Queensland, Australia

Smith's Gap

Restoring habitat for the endangered Southern Cassowary bird.

Pocket Forest
Miyawaki Method

Besides being a critical bottleneck of habitat for Southern Cassowary Bird, the site will be listed as a Nature Refuge.

Before this certification can be achieved, it needs to be revegetated.

Forest Maker Brett Krause


Restore Cassowary Bird habitat in Australia




Square Meters


Native Species

The site of Smith's Gap in Queensland, Australia
The pocket forest after 3 years growth

“Through the revegetation of Smiths Gap, we aim to be certified & listed as a Nature Refuge for the Cassowary Bird.”

Brett Krause

Forest Report: 3 Years

DATE: 25.09.2022

Survival Rate: 95%

Average of Tallest 3 Trees: 800cm

This pocket forest is a triumph with excellent survival rate and growth measurements. Forest floor and leaf litter is established, with zero weed penetration. The forest is now self-sustaining. New floral species are growing in the forest from bird droppings.

The pocket forest after 3 years growth.
Smith's Gap growth from planting to 3 years.

Biodiversity Notes:

Trees continue to flower well, including the sandpaper fig (Ficus opposita), white ash (Alphitonia petreii) and cadaghi (Corymbia torreliana). The endangered Southern Cassowary bird (Casuarius casuarius) is spotted in the forest regularly, along with other fauna.

Papilio Ulysses Caterpillar (Papilio ulysses)
Fringed jumping spider (Portia fimbriata)
Green jumping spider (Mopsus mormon)
Orange bush brown butterfly (Mycalesis terminus)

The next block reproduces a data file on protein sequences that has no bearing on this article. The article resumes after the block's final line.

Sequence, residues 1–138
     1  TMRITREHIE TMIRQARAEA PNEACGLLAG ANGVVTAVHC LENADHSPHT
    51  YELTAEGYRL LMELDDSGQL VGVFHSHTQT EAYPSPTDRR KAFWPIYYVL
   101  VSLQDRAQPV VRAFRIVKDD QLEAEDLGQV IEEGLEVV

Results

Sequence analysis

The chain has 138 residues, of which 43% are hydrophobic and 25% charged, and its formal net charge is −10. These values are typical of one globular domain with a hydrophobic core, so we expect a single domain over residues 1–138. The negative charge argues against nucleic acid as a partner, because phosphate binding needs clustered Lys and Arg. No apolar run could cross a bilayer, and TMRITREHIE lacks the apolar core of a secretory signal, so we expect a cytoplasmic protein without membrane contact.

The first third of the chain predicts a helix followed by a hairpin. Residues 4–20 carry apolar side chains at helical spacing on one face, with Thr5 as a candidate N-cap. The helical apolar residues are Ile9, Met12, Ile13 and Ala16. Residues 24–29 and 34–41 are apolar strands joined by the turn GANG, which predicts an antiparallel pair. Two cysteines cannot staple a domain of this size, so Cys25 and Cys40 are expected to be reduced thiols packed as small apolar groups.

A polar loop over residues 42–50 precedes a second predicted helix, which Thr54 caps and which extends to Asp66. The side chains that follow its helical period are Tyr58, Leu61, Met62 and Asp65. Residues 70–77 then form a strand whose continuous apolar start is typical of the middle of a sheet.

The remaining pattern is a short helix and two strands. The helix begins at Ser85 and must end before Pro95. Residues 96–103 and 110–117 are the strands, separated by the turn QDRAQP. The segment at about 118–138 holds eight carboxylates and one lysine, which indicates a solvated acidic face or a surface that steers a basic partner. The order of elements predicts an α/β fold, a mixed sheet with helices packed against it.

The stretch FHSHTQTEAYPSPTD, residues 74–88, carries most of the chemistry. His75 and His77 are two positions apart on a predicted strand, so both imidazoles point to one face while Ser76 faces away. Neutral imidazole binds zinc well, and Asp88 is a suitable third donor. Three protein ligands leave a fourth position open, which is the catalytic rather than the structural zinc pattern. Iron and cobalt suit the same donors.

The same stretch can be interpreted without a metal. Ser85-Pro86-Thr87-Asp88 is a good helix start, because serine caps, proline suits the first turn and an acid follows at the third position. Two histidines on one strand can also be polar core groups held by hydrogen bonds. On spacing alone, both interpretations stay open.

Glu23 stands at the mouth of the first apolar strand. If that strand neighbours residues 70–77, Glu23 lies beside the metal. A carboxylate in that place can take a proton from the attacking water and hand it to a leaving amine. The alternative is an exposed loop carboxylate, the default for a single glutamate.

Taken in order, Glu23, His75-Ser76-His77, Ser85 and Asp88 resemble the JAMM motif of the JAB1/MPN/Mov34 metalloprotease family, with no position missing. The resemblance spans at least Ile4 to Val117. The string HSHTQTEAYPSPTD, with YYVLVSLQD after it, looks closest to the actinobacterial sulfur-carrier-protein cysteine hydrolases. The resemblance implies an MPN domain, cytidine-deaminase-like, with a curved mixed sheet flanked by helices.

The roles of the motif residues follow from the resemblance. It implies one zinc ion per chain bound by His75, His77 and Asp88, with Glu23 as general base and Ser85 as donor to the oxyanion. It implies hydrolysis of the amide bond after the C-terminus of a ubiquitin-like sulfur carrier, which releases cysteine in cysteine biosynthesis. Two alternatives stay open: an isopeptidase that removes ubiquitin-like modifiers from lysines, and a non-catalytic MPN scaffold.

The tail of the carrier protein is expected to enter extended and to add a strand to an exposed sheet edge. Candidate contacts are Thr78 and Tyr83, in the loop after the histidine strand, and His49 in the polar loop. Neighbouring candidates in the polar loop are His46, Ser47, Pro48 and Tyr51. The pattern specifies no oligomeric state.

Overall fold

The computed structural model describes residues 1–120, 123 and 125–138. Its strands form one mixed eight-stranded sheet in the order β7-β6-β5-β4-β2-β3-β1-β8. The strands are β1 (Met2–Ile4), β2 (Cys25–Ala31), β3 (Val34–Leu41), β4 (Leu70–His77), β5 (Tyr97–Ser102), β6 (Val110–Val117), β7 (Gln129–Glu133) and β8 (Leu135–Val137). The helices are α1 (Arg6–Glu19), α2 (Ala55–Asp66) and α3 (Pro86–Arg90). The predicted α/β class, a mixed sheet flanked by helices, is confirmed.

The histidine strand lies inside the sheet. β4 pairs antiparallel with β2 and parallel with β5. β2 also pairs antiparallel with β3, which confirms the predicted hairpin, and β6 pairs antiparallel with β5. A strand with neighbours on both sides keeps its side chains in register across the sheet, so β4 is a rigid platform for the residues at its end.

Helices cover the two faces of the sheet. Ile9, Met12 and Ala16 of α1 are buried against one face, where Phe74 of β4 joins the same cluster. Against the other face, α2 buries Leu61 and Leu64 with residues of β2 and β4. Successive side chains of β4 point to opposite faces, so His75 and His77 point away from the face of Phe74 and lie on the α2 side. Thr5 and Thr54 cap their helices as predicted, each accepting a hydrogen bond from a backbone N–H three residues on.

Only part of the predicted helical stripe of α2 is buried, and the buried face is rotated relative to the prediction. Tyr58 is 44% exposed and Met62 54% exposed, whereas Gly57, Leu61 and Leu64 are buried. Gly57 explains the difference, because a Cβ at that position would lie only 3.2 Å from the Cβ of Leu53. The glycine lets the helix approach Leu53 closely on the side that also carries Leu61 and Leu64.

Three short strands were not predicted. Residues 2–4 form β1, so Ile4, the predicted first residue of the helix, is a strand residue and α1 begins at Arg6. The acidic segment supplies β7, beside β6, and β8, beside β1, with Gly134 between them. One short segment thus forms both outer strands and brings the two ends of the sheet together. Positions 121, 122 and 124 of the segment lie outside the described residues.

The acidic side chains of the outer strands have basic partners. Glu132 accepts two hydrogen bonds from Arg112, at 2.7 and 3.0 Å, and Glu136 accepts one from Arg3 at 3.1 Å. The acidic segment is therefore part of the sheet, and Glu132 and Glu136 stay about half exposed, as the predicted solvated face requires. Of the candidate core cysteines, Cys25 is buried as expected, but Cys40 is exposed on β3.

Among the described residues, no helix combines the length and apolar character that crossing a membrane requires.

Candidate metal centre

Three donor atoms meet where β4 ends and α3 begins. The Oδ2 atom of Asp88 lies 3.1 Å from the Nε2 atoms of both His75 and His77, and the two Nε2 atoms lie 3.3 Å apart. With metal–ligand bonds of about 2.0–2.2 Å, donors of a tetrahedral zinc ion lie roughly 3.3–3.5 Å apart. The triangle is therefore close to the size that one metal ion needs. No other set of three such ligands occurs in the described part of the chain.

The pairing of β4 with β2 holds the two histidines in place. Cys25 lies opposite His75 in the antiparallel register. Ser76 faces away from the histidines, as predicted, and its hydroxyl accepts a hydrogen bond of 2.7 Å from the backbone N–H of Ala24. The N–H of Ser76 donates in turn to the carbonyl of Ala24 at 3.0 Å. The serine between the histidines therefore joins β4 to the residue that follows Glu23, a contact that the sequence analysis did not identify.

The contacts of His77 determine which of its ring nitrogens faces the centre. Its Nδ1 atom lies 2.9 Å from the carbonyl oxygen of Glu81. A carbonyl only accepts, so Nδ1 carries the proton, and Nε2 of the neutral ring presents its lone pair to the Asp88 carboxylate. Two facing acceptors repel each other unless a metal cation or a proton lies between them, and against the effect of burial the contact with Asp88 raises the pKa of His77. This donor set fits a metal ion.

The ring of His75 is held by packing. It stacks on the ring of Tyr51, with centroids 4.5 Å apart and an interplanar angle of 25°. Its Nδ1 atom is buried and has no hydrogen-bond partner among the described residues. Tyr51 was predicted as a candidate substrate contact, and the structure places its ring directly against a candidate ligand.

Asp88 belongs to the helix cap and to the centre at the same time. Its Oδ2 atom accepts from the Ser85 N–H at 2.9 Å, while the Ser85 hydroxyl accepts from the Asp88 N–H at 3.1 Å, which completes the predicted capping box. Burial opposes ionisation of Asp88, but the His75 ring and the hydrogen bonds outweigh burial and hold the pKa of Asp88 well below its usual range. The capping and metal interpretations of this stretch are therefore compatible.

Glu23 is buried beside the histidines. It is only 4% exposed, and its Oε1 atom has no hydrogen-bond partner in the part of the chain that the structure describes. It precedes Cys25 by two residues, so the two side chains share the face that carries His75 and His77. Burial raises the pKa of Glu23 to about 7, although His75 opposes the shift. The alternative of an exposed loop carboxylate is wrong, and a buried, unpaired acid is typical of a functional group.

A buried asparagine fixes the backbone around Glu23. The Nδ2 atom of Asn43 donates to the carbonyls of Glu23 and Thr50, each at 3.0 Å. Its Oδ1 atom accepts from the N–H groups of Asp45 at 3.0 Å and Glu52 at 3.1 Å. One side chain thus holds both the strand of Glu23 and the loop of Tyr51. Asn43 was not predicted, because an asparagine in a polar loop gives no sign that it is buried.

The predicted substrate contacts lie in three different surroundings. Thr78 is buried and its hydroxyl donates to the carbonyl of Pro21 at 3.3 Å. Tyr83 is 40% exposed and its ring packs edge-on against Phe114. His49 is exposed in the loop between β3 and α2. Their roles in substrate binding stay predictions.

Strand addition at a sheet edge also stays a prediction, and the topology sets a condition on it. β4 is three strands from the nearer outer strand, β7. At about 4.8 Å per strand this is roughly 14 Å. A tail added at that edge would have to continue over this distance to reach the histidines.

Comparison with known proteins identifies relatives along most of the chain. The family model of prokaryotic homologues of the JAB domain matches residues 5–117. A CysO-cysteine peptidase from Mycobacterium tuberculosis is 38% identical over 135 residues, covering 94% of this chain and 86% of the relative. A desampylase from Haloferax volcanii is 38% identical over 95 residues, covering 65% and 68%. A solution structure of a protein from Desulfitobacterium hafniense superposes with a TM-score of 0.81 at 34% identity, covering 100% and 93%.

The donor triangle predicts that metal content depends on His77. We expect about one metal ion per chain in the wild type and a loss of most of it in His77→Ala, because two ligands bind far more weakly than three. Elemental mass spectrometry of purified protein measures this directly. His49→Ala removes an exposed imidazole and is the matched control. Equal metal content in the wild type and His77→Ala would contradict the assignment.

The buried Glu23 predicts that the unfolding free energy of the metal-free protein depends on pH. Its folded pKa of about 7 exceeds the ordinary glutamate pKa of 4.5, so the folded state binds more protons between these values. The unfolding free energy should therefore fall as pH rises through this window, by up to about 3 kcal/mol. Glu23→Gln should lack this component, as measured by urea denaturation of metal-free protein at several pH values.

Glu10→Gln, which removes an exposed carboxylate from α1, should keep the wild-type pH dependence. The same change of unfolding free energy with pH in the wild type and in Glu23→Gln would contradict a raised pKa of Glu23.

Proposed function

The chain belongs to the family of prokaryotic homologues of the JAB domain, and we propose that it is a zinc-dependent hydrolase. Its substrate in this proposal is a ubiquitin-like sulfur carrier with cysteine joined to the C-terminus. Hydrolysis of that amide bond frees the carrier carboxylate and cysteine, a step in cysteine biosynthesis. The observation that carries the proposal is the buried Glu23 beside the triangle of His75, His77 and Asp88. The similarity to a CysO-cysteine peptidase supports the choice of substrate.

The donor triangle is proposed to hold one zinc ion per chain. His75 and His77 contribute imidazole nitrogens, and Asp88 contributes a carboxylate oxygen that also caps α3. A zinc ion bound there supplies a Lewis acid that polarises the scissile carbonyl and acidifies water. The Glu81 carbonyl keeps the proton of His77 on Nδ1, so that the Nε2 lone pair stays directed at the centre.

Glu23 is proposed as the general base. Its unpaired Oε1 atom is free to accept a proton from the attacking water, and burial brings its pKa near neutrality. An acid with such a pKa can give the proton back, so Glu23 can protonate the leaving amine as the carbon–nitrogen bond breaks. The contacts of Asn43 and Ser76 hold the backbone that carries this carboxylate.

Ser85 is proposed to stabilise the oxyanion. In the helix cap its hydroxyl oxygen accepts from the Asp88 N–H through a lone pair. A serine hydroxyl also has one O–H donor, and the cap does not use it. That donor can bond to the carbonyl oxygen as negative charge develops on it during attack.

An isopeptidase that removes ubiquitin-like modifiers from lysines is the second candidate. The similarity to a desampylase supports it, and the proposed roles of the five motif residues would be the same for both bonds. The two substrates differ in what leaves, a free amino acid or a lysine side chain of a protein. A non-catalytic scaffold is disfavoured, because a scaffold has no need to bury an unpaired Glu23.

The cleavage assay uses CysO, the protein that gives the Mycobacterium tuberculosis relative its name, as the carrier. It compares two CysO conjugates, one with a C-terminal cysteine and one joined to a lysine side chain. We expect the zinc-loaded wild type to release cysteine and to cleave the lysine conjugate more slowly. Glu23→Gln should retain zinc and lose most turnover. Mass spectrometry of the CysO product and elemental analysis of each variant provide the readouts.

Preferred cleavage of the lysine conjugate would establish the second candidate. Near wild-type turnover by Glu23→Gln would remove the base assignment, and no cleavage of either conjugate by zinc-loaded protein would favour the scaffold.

Forest Report: 2 Years

DATE: 25.09.2021

Survival Rate: 95%

Average of tallest 3 trees: 700cm

Forest floor and leaf litter established. Zero weed penetration. The forest is self-sustaining; it has been a great growing season with above average rainfall.

The pocket forest after 2 years growth.
The dense canopy of Smith's Gap.

Biodiversity Notes:

“Growth rates are doing well! We are excited about what the forest will have to offer - water retention, soil productivity, carbon sequestration, and not to mention habitat for the endangered Southern Cassowary bird!”

Brett Krause

Forest Report: 1 Year

DATE: 25.09.2020

The pocket forest after 1 year growth.

Forest Report: Planting

DATE: 25.09.2019

Forest Design

The area of the future SUGi pocket forest

Native Wildlife

The southern cassowary (Casuarius casuarius), also known as double-wattled cassowary, Australian cassowary or two-wattled cassowary, is a large flightless black bird. It is a ratite  and therefore related to emu, ostrich, and Kiwi genera.

Subject to ongoing habitat loss, limited range, and overhunting in some areas, the southern cassowary is listed as Endangered under Federal and Queensland State legislation. Some threats are habitat loss (logging), feral animals eating their eggs, hunting, and roadkill.  Road building, feral animals and hunting are the worst of these threats. It is estimated that there are only approximately 2,500 individuals left in Australia.

Cassuary Bird endangered

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